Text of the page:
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Govt hopeful of fruitful Ghana-China talks over debt cancellation

Abena Osei-Asare, the Deputy Minister for Finance, has expressed optimism about the prospects for a fruitful discussion between the Minister of Finance, Ken Ofori-Atta, and China regarding the negotiations for debt restructuring.

It is anticipated that Ken Ofori-Atta will continue bilateral talks with China while also seeking financial assurances for Ghana’s program with the International Monetary Fund while he is in China. Ken Ofori-Atta left Accra on Monday, March 20, along with a government delegation.

During her speech in Accra, which took place during a signing ceremony between the National Health Insurance Authority and the United States Agency for International Development (USAID), Abena Osei-Asare called on Ghana’s bilateral partners, such as USAID, to assist the government in establishing the Ghana Financial Stability Fund as a component of its efforts to get the economy back on track.

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Ghana, which is going through its worst economic crisis in a generation, was able to secure a staff-level agreement with the International Monetary Fund (IMF) in December for a loan of $3 billion.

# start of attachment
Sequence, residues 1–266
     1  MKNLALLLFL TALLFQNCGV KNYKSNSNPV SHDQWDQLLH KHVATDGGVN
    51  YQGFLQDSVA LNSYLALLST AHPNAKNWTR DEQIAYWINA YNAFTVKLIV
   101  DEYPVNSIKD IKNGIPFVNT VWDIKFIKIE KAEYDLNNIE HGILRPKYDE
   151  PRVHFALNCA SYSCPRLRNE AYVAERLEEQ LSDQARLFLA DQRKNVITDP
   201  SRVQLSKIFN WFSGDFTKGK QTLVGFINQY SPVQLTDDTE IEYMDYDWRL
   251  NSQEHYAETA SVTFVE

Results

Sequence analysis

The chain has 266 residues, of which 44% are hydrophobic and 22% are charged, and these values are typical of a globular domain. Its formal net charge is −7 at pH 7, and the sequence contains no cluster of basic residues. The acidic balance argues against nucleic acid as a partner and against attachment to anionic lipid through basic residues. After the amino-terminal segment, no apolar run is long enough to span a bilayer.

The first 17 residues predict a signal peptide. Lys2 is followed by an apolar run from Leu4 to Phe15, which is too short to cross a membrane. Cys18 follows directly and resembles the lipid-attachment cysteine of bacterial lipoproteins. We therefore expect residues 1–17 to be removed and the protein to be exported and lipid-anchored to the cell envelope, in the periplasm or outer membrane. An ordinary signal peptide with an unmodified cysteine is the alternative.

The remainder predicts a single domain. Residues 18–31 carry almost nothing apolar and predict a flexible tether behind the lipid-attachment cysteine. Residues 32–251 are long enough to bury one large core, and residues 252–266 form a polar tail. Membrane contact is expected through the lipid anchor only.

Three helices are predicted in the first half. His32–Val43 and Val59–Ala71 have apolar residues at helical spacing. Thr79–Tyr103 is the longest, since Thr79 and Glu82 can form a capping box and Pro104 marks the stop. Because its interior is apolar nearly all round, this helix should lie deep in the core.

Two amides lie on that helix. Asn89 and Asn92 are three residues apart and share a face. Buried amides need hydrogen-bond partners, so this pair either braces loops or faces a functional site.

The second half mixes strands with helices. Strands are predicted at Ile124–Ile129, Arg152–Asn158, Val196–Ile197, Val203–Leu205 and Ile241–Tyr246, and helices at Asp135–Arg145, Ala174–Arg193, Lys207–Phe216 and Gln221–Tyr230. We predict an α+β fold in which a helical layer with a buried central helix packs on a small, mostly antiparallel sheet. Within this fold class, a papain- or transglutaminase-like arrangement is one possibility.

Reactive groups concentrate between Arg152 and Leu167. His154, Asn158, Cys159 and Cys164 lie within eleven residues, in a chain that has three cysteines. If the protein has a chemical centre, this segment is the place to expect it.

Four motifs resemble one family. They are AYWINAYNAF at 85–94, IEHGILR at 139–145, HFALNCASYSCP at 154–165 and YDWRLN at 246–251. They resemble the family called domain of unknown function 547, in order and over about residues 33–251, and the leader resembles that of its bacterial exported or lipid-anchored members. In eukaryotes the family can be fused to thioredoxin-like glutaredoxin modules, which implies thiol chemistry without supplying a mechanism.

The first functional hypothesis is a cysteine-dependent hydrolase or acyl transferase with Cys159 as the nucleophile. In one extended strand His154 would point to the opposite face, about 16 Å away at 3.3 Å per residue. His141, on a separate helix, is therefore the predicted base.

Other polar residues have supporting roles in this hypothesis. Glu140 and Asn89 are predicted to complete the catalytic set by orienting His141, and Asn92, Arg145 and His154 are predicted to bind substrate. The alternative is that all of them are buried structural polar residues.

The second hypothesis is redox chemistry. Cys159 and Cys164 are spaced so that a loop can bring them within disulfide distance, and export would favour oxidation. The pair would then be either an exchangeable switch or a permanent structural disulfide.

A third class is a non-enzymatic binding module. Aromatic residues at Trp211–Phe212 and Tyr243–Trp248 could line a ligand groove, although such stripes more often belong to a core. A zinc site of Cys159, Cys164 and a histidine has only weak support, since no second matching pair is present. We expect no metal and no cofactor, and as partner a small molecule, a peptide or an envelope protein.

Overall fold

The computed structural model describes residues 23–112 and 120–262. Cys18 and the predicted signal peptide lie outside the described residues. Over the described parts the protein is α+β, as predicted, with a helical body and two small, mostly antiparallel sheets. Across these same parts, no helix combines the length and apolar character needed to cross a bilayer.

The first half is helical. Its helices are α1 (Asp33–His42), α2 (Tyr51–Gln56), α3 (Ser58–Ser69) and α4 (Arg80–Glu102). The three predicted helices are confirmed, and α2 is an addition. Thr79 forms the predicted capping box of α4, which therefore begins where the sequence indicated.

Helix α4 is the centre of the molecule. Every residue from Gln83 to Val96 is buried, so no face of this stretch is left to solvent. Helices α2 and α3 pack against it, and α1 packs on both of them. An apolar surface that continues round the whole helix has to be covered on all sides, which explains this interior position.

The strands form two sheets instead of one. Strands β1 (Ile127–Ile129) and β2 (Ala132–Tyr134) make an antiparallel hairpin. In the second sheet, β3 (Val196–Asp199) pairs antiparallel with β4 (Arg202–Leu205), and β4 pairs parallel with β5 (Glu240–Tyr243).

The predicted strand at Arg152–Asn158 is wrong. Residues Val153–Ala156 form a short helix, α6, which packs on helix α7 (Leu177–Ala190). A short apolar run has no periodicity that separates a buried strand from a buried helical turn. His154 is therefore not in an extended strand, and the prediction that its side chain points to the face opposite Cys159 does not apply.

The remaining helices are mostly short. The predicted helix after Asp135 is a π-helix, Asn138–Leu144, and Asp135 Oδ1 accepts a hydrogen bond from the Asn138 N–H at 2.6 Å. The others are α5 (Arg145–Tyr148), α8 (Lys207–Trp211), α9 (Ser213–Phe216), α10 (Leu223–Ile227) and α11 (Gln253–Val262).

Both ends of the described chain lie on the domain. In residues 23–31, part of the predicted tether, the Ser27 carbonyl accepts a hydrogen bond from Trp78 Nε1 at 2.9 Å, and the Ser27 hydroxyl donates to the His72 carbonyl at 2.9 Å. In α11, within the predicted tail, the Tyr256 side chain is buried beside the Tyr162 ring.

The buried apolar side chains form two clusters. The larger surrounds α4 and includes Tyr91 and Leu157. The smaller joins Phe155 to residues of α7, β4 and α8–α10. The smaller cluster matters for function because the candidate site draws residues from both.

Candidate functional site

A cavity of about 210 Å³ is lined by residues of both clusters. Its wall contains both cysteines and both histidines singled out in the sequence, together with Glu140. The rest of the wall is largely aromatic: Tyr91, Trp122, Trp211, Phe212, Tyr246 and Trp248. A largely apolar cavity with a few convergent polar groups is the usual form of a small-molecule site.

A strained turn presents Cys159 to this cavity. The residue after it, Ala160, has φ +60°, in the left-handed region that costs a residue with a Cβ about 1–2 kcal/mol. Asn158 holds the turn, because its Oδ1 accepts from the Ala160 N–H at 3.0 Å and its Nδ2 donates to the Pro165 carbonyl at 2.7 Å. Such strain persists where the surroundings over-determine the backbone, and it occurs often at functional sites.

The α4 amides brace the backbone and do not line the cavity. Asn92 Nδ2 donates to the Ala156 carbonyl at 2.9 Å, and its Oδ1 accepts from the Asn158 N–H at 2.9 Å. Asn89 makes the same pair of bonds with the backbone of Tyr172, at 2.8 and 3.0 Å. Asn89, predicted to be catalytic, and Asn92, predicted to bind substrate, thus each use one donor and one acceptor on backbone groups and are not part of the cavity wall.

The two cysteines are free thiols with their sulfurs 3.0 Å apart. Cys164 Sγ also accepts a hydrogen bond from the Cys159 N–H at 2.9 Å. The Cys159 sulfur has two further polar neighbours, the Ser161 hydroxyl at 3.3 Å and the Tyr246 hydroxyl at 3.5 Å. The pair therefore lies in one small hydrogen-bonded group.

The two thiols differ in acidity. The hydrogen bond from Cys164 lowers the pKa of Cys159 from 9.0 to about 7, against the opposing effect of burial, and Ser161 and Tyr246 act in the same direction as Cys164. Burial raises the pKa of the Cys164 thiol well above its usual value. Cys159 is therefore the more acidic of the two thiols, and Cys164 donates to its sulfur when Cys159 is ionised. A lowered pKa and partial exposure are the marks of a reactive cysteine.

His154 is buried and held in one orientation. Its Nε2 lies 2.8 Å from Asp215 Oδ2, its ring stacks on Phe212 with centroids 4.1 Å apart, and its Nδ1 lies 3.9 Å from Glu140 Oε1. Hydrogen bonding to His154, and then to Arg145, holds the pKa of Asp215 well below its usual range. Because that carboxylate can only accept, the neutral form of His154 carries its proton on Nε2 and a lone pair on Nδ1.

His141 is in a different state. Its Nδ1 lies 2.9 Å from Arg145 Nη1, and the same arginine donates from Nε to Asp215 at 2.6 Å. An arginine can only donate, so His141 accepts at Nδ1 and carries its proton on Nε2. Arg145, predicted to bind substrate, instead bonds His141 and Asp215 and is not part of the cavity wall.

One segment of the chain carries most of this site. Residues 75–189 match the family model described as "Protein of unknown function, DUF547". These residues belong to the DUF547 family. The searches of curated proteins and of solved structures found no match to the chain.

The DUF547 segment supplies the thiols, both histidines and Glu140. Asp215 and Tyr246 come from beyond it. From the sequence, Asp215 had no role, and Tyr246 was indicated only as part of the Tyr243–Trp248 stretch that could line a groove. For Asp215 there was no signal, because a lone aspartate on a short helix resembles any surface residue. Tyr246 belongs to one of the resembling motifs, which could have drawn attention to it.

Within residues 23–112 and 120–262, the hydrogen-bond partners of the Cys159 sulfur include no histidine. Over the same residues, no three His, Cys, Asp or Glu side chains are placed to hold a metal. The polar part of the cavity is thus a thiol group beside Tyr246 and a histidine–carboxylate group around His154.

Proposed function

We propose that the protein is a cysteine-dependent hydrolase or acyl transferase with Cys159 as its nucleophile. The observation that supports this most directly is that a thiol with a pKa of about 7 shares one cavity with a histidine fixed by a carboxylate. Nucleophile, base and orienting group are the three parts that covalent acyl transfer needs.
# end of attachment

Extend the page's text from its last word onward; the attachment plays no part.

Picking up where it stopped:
However, asking lenders to provide financing assurances is a condition for the IMF’s board to sign off on the program. Ghana is currently struggling with its worst economic crisis in a generation.

Ghana owes approximately $1.7 billion to China, making that country its largest bilateral creditor.

This month, a Chinese delegation traveled to Ghana for the first round of debt negotiations, which the Ghanaian finance ministry described as “cordial and fruitful.”

In practice, Ghana went into default on the majority of its external debt last year when it stopped making payments on that debt. The country still needs to work out a solution with the private international bondholders it owes money to.

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Ghana has already reorganized its domestic debt, and the country has made a request to rework its bilateral debt in accordance with the common framework platform that is supported by the Group of 20 major economies.

There has not yet been the establishment of a formal creditor committee in preparation for discussions with sovereign creditors.

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